Recently, a member of SLC inquired about our practice of limiting Communion to those who are baptized. Their child had brought a guest to worship and they were not sure how to handle the situation when it came to Communion. I imagine many questions arise: Should I ask them if they are baptized? If they are not baptized, what do I say to them? Do I try to explain what we believe about Communion and if they are not baptized, encourage them to go up for a blessing? Alternatively, do I have them read the paragraph in the bulletin and just let them decide? I’m very thankful for the questions and the struggle, as we want people to invite guests to worship and of course we want those guests to feel welcome and have a meaningful experience. I’m also grateful for the inquiry as it gives me opportunity to talk about the Biblical theology which drives our practice. Indeed, it is worth noting that within the Evangelical Lutheran Church in America and other protestant churches today, a spirited debate is going on about removing all stipulations to the Lord’s Supper. This is a relatively new consideration arising in the last 15 years or so. The ELCA’s most current statement on the Use of the Means of Grace, says clearly that the Lord’s Supper is for the baptized (Principle 37) but many are challenging this position. “Radical Hospitality” or “Open Table” are the often-coined terms for this movement. In fact, I would estimate that 3/4s of the congregations in our Synod have no stipulations as to who is welcome to participate in the meal. All are welcome to receive the Lord’s Supper, not only people of other Christian denominations, but also people of other religions, no religion, agnostic, atheist, etc. Thus, underneath this basic and wonderful question about a guest coming to worship and Communion, lies a wealth of theological issues. Nevertheless, I will do what I can to address the subject succinctly. First, I’ll offer some guidance on how to handle the above situation given our current Communion practice outlined in both SLC’s *Bylaws and the ELCA’s *Statement on the Means of Grace and then I’ll address the Biblical and theological reasoning for our position regarding welcome to the Supper.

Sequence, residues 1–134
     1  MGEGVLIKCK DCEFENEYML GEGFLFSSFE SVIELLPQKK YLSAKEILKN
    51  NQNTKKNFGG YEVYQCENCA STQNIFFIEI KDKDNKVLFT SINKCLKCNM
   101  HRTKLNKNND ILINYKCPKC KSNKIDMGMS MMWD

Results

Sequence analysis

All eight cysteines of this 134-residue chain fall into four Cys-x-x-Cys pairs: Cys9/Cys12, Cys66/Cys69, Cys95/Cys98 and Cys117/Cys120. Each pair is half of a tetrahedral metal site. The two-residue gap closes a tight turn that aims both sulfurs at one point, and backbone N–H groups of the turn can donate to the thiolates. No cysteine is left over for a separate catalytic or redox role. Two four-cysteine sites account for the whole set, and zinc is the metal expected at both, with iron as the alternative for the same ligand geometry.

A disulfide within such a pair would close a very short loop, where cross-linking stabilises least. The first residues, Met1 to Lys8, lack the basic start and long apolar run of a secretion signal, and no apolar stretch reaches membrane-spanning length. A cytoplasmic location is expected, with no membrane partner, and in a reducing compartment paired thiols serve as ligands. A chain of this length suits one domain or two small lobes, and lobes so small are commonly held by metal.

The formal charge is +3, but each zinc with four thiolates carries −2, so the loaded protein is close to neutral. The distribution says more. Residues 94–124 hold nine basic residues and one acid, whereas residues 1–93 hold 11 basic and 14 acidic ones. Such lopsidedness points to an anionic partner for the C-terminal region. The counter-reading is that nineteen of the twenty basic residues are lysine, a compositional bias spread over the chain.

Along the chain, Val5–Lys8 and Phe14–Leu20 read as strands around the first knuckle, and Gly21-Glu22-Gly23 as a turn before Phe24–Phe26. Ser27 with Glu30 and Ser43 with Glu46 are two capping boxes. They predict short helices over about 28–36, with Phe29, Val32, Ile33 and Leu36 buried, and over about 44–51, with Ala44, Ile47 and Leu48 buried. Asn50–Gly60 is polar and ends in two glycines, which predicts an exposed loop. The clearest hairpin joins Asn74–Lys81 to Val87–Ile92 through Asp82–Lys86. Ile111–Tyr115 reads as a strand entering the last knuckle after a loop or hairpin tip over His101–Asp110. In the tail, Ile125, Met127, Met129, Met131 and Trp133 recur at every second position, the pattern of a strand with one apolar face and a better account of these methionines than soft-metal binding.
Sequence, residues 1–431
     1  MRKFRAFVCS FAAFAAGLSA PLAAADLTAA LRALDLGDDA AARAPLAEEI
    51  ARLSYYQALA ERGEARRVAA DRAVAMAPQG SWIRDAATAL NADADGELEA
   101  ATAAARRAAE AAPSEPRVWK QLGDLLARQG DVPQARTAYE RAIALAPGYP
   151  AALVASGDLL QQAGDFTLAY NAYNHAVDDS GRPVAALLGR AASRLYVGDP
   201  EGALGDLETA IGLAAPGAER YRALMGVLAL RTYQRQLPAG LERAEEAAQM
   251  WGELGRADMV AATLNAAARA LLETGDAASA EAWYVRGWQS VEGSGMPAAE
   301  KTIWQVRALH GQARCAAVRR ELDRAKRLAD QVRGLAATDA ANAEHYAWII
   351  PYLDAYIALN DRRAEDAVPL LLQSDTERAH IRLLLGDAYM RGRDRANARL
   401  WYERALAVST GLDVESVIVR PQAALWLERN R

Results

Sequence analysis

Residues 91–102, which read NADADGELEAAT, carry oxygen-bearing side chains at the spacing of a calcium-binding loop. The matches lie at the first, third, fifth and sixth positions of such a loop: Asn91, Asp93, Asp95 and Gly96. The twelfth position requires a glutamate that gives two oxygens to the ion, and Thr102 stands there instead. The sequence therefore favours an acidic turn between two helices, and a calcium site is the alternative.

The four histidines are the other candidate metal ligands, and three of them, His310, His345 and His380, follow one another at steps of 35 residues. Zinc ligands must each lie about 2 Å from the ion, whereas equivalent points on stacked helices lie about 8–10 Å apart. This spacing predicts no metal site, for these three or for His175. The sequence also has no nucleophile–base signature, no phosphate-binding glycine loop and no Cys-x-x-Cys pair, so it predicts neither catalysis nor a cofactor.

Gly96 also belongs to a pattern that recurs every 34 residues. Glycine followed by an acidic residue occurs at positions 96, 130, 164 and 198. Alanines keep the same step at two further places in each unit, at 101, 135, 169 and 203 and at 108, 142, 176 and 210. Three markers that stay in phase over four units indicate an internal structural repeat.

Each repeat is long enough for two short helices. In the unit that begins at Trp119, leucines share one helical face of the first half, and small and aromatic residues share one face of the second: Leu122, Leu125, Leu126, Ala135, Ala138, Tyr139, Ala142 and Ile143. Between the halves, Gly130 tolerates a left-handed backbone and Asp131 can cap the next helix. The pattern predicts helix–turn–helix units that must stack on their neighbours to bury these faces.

When we have a guest coming to worship, some conversation with them before the service is a good thing, especially given most people are not accustomed to our style of worship. Of course, how you talk about worship will depend on your guest’s background, age, and cognitive ability. Nevertheless, I would advise bringing the subject of Communion up in the context of talking about the service in general. I think doing so, if possible, is good hospitality. When it comes to worship in general, one might say something like, “I’m excited you are going to join us in worship today, I want to share with you a little about the service so you know what to expect.” You could say that our worship service is very active and has lots of involvement and we print our part in a bulletin/book that you will receive. If our guest is in Jr. High or above, one might even encourage them to check out a “talk” we have online regarding our worship process. I would also encourage them to ask questions during or after the service. Then I would move to Communion and say that we have a meal for those who are brought into faith and the church through Baptism. If your guest is not baptized or is a younger child who hasn’t received some instruction on Communion, please encourage them to come forward for a blessing. Maybe, depending on the age of the guest and their interest, if they have not been baptized, you could invite them to talk to one of your pastors about Baptism. At this point, I want to emphasize that if someone does receive Communion even though not baptized, there is not a grievous offense or reason to be upset. We live with our convictions graciously. Yes, we occasionally end up communing people who are not baptized and the roof does not cave in. Again, I would encourage the unbaptized to come forward for a blessing but every situation should be handled with care and grace. For example, if a young person or an adult comes forward who I know to be unbaptized and unfamiliar with what the Lord’s Supper is and holds up their hands to receive Communion, I will give them Communion. If I know they are not baptized I would then as gracefully as possible talk with them later. Embarrassing them in that moment would be wrong in my view. Finally, there is no way to address in a blog every situation. Bottom line, having some prior conversation about worship and Communion is a good thing.